1. They don’t specify what is meant by “cloud.” Amazon, Microsoft, Google, IBM and all the rest do not secure their cloud infrastructure in exactly the same way.  Securing technology assets is way too complex, and security designs are way too proprietary, for that to happen.  Data centers are not located in the same places, which means vulnerabilities to disasters or physical incursions vary, as do the political, economic and legal risks associated with the various jurisdictions that cover them.  Is that public cloud or private cloud?  Because things like auditability and penetration testing are often far more limited when you’re using infrastructure that might be shared with other customers.  On-site or off-site?  Because if the assets are off-site you’ve almost certainly increased your attack surface by creating an interface with an external entity that has to be trusted, and that entity also has interfaces between your service infrastructure and its corporate network.  SaaS providers often use 3rd parties to host their infrastructure, which means you may have added multiple interfaces to your attack surface.  Major cloud providers do have world-class security implementations.  They have the money to invest, and they know the risk to their business represented by the threat of a well-publicized breach.  They better, because they’re also more enticing targets than you would be on your own.  Data thieves would love to find a way to get into all the data stored on a large provider’s infrastructure.  When thinking about the potential for a criminal act, you should never fail to consider motive.
  2. They don’t specify what’s meant by “your own data center.” Who are you?  If you’re a small business that has your data center in someone’s converted office and an IT staff that you can count on your fingers, then yeah, large cloud providers probably have better security than you do… as far as it goes.  Just remember that OS patches and any interfaces outside the providers’ facilities are usually your responsibility, like the management console that you use to manage cloud resources.  What happens when the administrators that can access that console leave the company… in a bad mood… because they quit or were fired?  Can all of your backups be deleted from that console?  I hope not – don’t forget what happened to Code Spaces.  Now, if you’re a large multinational with an IT department as big as a medium-sized company that prioritizes security (I’m looking at you, banks and defense contractors), the answer could be different.  You need to look very hard at the provider’s security to determine if it’s a step up, a step down or a lateral move with balancing pros and cons.  Do you have unique security needs that can’t be met by a service that’s designed for a horizontal market?  You might.  Do you have vulnerabilities in your own security architecture that haven’t been closed as the exploits continually multiply?  You might.  The comparison you’ll need to make will depend in part on who the provider is and on which service you’re considering.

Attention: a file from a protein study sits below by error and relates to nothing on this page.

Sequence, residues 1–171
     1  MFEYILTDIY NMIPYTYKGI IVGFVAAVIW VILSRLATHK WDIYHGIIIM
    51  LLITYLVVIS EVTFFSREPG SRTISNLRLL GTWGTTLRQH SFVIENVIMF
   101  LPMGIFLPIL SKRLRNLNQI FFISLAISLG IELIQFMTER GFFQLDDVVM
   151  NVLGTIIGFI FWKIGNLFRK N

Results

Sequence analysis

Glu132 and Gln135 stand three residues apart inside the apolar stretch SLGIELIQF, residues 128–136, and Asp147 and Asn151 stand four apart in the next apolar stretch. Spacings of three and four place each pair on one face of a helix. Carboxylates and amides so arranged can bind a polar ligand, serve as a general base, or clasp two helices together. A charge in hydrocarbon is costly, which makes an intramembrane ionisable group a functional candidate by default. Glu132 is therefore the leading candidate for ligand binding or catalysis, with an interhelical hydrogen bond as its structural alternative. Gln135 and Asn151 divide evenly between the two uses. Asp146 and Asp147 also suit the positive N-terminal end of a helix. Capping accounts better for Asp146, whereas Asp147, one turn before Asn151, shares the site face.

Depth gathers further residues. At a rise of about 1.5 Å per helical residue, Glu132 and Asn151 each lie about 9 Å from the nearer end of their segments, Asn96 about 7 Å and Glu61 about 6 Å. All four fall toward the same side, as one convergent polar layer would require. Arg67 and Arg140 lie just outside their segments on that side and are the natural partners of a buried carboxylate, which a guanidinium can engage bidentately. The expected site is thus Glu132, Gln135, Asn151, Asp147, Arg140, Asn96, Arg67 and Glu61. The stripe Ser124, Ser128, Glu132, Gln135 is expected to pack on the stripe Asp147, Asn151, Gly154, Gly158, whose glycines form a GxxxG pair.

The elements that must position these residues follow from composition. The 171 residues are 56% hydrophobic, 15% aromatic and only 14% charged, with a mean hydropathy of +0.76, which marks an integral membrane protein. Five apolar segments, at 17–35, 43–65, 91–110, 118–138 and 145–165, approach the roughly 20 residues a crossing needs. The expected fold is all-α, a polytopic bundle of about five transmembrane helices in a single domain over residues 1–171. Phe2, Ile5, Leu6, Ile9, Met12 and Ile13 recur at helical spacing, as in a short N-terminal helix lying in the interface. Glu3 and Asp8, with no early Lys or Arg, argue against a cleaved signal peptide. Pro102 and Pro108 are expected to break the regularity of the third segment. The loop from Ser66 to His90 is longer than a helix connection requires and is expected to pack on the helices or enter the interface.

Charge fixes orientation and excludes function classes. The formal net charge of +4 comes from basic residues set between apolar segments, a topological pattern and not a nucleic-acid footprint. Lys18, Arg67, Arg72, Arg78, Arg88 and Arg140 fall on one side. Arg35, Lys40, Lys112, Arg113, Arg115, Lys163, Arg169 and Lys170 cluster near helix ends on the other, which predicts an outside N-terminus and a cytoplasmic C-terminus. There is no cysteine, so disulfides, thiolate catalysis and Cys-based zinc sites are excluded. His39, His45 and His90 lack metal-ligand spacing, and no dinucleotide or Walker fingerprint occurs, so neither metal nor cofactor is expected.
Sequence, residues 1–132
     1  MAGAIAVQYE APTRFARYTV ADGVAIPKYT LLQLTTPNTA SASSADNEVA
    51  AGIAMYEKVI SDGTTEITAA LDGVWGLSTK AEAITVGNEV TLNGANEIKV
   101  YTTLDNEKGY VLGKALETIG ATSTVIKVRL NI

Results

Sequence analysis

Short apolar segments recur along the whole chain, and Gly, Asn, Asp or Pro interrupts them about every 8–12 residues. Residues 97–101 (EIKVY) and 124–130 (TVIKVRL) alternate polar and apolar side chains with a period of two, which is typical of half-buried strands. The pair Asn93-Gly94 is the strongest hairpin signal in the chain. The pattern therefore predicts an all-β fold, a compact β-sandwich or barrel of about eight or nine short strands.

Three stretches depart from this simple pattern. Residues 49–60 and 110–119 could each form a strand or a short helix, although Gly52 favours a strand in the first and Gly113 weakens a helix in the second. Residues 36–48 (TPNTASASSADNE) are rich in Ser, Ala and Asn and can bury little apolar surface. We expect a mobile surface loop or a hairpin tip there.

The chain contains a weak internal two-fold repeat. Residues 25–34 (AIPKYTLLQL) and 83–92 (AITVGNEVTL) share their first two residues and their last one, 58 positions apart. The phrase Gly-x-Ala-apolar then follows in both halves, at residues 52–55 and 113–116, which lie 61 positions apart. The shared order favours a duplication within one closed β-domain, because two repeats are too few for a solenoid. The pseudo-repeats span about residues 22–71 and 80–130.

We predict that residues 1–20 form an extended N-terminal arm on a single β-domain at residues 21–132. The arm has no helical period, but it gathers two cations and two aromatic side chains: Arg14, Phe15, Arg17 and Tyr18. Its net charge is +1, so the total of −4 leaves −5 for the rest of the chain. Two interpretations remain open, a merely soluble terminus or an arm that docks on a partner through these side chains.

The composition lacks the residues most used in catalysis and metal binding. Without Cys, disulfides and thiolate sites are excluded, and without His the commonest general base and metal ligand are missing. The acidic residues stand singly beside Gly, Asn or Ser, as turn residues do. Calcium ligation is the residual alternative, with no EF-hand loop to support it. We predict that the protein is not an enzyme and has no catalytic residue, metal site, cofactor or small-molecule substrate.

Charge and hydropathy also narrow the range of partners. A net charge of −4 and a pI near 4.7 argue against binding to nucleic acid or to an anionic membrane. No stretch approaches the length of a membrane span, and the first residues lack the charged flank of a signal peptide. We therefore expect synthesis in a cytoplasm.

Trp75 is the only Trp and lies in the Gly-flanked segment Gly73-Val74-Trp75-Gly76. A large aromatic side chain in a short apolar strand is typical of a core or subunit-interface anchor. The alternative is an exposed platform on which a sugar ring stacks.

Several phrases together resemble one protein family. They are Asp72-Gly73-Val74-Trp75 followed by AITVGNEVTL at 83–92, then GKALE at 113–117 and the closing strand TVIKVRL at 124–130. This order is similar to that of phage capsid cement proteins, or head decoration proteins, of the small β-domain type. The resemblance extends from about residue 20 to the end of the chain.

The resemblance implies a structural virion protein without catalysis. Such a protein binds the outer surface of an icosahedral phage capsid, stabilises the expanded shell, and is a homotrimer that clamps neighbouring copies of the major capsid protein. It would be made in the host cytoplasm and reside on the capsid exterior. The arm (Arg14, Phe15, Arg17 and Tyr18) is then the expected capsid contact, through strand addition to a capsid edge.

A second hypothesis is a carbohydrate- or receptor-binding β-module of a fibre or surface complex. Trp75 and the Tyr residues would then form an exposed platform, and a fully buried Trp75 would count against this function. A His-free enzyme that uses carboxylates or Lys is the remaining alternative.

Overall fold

3. Just asking the question can be misleading. It gives customers the impression that when they move to the cloud they are replacing all of their own security with the provider’s security, and for basic IaaS that just isn’t the case.  It’s true that the provider has taken on physical data center security, network boundary protection and monitoring, the hypervisor and other security concerns specific to the provider’s infrastructure.  They’ve also put in place all of the encryption and configurations necessary for a cloud service to actually operate   But you are still doing your own patching.  You are still managing the guest OS and all the utilities and applications.  You are still doing your own firewall configuration too, even though that firewall belongs to the provider.  Many IaaS customers are still surprised when they find out just how little of their security responsibility has actually been taken on by the provider.  Now, if it’s SaaS or a “managed” service like database, the picture changes.  The provider is likely to take responsibility for much more infrastructure security, and some of your attention can shift upwards to identity management and authentication.   It’s critical to pay attention to what the provider is actually taking responsibility for.

We’ve only scratched the surface of a very complex topic here, but the next time you see an article that says “cloud security is worse” or “cloud security is better,” I hope that you will give it all the attention it deserves, which is none.  The whole reason that The Cloud Service Evaluation Handbook has an entire chapter on security is that the security that is best for you depends on your needs, your capabilities and on the characteristics of each particular service.  You’ll need to do an actual evaluation, with participation from your security team, to find out what you’re gaining or losing when you move to cloud.

The Third Law of Cloud Cost Optimization

In case you missed the first two laws of cloud cost optimization, here they are:

  1. Know Your Application, and
  2. Do a Thorough Service Evaluation